Three times more young men at risk of drowning
RAPIDLY rising floodwaters, treacherous shorelines and young men who see themselves as 'bombproof' increase the risks of drownings on the Coffs Coast, say two water rescue experts.
"There have been a number of drownings and some disturbing cases of neardrownings when people on rural properties were trying to cross water to get to stock or even to get home," said Jason Phillips, the regional manager for the Royal Life Saving Society Australia, who is based in Coffs Harbour.
Coffs Harbour's most dangerous beaches stretch from the northern side of Korora Bay all the way to Moonee Beach, says Coffs Harbour City Council's lifeguard co-ordinator, Greg Hackfath.
The two men were commenting on local risk factors following the release of the 2005 National Drowning Report by the Royal Life Saving Society Australia.
The report showed the biggest reduction in toddler drowning rates in 10 years and a continued reduction in the number of drownings.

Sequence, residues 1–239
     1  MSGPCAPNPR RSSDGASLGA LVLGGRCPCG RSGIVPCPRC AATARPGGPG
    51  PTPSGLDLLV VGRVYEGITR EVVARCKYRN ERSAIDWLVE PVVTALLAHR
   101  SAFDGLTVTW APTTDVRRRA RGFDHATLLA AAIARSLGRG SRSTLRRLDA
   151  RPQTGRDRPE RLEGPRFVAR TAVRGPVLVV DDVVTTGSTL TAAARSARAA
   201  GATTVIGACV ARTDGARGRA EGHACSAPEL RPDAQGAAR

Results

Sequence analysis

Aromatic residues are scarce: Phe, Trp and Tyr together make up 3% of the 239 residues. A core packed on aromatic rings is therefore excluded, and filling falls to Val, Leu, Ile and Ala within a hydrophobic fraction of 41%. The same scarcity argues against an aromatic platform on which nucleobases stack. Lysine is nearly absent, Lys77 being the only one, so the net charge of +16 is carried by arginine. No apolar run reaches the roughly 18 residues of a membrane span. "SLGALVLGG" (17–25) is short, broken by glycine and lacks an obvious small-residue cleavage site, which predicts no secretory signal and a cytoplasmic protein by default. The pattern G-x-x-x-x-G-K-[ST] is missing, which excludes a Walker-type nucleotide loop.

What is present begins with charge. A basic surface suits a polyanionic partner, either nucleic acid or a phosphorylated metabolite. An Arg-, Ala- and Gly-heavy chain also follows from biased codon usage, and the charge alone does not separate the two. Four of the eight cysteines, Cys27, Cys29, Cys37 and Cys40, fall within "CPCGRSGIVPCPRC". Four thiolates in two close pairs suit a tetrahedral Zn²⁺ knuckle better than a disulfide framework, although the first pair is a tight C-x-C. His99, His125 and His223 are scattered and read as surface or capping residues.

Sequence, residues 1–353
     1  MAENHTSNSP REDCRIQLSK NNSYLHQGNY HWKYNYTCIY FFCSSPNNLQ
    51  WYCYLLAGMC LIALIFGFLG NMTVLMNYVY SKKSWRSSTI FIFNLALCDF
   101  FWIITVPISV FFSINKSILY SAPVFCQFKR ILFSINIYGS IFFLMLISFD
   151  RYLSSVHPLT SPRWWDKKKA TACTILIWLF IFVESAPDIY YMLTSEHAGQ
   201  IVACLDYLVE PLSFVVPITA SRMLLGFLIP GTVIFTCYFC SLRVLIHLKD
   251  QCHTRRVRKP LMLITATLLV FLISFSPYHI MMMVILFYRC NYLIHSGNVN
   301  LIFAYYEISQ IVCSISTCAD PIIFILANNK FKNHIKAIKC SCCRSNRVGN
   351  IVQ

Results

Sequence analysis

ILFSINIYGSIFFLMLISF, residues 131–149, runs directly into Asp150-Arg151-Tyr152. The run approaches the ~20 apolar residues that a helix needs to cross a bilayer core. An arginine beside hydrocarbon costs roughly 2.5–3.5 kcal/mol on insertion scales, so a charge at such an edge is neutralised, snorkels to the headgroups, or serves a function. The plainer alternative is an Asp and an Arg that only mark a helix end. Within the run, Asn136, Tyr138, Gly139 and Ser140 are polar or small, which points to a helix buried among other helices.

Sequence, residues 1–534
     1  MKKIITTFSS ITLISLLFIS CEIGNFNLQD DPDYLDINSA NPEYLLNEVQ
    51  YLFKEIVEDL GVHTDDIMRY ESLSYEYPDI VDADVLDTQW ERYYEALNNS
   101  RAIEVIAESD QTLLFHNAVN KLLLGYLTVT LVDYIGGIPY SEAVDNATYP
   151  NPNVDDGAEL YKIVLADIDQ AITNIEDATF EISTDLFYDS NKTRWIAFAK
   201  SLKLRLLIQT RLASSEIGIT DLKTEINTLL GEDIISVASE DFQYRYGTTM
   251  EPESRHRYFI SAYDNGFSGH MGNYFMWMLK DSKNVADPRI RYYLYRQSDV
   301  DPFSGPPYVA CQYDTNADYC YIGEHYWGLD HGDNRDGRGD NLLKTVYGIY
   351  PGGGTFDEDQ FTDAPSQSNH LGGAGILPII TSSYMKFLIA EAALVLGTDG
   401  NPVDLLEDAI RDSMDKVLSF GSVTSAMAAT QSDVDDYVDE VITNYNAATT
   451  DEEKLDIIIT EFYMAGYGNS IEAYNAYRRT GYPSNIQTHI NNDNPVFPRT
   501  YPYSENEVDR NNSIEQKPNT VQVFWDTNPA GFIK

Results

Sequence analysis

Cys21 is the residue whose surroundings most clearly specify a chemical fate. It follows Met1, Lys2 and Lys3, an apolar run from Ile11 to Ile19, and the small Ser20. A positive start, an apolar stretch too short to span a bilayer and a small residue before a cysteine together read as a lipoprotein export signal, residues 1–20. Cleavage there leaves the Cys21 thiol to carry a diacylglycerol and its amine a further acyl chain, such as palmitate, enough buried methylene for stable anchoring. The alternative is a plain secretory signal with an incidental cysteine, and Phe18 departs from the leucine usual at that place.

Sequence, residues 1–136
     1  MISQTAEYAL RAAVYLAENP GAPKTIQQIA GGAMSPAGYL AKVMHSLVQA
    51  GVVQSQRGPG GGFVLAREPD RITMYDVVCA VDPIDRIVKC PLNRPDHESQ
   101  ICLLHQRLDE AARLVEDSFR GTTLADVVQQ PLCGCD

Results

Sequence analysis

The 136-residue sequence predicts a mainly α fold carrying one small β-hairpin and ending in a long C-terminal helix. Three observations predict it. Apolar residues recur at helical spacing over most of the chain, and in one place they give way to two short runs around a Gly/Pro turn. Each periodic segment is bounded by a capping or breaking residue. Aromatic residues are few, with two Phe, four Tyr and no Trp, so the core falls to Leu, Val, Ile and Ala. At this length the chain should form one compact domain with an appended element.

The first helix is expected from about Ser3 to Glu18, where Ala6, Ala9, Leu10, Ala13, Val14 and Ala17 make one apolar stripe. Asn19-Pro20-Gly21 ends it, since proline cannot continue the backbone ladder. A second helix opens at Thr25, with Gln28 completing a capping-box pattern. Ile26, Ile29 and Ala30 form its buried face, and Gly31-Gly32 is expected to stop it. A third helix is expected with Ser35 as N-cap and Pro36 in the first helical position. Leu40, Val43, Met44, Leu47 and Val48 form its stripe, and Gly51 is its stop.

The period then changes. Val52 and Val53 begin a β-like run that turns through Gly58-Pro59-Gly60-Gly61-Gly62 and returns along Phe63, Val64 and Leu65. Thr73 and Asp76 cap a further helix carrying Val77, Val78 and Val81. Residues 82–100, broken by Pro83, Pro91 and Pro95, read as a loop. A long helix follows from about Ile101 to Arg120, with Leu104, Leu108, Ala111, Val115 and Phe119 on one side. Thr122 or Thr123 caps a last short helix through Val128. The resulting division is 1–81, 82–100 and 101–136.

It also showed men were three times more likely to drown than women and recorded an increase in drownings in lakes, dams and lagoons, as well as an increase in drowning deaths among 6-14 year olds and people over 65.
The report showed that 259 people drowned in Australian waters in the 12 months to June 30, 2005, almost three-quarters (74 per cent) of them males.
Royal Life Saving CEO Rob Bradley said men and boys were more likely to indulge in risk-taking behaviour and this was combined with drinking alcohol, which could lower inhibitions and affect judgment. Mr Hackfath said some young men could not keep up with surfer mates.
The figures represent a drop in fatalities since 2004 and a decrease in the fiveyear average across all age groups, except for 6-14 year olds and the over 65 age group. The biggest drop was in the 0-5 age group, where the 28 drownings dropped sharply from the five-year average of 51.